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Immigration, Obama Administration

Before I launch into the big ol’ mess o’ derp that is the U.S. Congress, I want to say something to pro-immigration reform activists. Yesterday a group of more than 100 religious leaders and immigration activists were arrested in Washington, DC, after they refused to clear a sidewalk where they were rallying. Coming on the same day Congress had an immigration meltdown and failed to pass even a watered-down bill to meet the border crisis, aka the Great Toddler Invasion, these arrests should have made a big splash. Given the Bigger Asshole rule, how was this ineffective?

Because the activists were not protesting Congress; they were protesting the White House.  Duh, foolish activists.

On to Congress: After weeks of smirking that the President was failing to lead on the border crisis issue, Washington Republicans in the House and Senate showed a degree of resolve and maturity that proved toddlers aren’t just at the border. I’d like to send them all commemorative sippy cups.

Michael Sean Winters at National Catholic Reporter explains what happened yesterday:

Keep in mind that the bill the House was supposed to vote on yesterday was already a deeply slimmed-down version of President Obama’s request for $3.7 billion to supply more border officials to deal with the influx, and facilities for the children, and, most especially, more judges to hear the children’s claims for asylum as refugees. The House bill offered only $659 million, which is no small change, but in DC it is a rounding error. And, to appease his conservative, Tea Party base, Speaker John Boehner also offered a vote on a measure to rein in President Obama’s Deferred Action for Child Arrivals (DACA) policy, which has granted certain legal protections from deportation to half a million Americans who were brought across the border as children. That measure was not destined to go anywhere, but at least the Tea Partyers could tell the folks back home that they tried and blame it on the Senate or the President that DACA was not ended.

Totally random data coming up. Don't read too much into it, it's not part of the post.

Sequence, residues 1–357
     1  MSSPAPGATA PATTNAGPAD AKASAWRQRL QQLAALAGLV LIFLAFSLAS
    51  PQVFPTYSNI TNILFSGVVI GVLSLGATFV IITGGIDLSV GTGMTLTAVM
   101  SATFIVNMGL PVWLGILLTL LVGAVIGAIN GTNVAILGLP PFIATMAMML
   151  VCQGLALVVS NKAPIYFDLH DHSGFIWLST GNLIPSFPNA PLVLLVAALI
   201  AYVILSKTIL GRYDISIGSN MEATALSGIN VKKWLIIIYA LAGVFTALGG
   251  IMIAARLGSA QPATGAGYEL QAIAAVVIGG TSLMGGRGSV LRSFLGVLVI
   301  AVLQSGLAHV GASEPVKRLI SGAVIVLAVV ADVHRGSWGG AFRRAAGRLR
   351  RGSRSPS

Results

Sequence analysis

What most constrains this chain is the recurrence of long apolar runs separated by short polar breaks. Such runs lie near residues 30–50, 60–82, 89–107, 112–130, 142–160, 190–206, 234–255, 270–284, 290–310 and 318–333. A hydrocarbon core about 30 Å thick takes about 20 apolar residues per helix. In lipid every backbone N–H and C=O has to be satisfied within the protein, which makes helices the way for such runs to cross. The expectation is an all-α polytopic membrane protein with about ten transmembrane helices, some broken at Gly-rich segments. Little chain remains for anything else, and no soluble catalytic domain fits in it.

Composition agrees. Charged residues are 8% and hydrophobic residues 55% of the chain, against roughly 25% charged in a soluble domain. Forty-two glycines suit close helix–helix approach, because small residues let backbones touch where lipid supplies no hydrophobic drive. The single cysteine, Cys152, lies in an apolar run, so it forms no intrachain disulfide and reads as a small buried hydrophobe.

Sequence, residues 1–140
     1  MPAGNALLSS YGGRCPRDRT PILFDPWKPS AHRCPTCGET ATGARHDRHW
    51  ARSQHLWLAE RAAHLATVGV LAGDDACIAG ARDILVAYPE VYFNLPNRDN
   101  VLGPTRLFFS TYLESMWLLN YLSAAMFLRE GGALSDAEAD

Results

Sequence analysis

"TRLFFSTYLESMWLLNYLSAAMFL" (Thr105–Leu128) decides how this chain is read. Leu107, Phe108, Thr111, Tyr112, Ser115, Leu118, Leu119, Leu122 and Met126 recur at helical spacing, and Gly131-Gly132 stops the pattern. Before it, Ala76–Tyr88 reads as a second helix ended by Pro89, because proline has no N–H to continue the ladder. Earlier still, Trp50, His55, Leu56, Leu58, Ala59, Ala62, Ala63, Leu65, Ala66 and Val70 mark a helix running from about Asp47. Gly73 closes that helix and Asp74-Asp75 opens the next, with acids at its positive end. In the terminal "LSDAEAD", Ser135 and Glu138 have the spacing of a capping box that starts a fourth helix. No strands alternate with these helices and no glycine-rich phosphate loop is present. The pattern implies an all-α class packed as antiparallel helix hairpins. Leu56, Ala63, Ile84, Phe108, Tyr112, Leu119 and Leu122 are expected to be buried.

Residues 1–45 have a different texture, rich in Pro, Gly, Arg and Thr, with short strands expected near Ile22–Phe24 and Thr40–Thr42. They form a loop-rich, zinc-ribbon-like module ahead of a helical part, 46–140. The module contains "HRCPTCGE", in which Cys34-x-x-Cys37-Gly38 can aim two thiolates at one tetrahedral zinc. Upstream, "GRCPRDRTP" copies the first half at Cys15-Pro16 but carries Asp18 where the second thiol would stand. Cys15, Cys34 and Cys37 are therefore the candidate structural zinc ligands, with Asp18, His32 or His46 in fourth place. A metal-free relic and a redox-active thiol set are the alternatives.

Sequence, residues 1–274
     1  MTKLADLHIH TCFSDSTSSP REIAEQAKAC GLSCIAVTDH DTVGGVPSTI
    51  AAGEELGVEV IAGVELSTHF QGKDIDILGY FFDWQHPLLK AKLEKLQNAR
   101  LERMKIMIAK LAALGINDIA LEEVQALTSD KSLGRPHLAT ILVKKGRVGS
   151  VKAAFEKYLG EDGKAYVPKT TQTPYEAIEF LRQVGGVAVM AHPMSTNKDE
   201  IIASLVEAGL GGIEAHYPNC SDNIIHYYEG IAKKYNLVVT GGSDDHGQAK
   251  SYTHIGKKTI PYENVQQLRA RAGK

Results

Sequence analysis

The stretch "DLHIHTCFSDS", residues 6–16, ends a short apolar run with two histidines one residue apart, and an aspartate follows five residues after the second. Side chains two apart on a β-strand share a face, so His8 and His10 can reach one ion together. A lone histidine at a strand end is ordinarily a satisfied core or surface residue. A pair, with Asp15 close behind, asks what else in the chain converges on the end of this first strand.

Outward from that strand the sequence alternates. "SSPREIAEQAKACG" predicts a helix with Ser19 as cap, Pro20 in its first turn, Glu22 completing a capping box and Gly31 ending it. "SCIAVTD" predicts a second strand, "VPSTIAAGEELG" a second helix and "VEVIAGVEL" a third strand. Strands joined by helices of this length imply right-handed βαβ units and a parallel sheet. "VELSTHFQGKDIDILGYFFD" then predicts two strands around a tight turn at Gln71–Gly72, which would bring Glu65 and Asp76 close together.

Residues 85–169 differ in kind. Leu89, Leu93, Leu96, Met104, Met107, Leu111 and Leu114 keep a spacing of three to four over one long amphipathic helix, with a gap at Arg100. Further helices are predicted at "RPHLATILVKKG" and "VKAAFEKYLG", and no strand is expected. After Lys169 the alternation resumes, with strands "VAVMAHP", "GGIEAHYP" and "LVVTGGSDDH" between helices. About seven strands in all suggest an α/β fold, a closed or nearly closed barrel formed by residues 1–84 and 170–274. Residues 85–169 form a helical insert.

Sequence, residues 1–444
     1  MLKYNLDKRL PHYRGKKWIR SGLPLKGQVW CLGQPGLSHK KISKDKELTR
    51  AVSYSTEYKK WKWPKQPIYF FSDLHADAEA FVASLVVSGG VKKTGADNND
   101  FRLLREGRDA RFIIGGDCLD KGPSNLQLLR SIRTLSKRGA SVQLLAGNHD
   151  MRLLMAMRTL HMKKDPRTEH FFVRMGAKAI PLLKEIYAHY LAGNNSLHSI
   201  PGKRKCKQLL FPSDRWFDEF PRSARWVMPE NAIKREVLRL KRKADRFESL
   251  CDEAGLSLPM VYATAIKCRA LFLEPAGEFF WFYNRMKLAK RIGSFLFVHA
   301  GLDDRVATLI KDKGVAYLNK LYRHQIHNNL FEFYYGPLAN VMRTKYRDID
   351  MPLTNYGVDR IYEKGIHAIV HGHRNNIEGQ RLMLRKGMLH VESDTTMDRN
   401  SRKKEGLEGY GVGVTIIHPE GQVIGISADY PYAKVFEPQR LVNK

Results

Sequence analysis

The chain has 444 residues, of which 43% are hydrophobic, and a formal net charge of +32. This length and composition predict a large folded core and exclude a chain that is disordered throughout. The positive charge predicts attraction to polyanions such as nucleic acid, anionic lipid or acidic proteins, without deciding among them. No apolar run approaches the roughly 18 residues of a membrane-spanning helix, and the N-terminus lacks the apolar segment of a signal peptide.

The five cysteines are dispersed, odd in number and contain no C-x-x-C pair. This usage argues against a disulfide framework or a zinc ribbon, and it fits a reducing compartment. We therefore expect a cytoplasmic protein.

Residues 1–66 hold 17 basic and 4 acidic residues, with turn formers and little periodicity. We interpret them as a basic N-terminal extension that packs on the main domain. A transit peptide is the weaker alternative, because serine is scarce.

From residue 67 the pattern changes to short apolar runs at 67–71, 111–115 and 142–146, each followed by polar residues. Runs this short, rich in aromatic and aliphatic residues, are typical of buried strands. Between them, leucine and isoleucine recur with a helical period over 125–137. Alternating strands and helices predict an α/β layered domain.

Note that the Deferred Action for Child Arrivals policy only applies to people who entered the country before June 15, 2012, so it doesn’t have anything to do with the current crisis.

But, the Tea Partyers were having none of it. After a night of pizza and Dr. Pepper in the office of Sen. Ted Cruz, the hard core caucus refused to back Boehner’s bill. Democrats were not going to support it either because it had cut back on providing the funds needed, and would have fast-tracked the deportation of these children. So, Boehner pulled the bill before letting it go to a vote that would have failed. …

… In case you think the U.S. Senate is a paragon of reasonableness, they failed also yesterday in their efforts to pass a $2.7 billion appropriation to deal with the border issue. The bill failed to garner the 60 votes necessary to overcome a threatened filibuster.

Do read all of Winters’s report, and also Eugene Robinson.

I understand the House is going to try again today to pass something regarding immigration. We’ll see.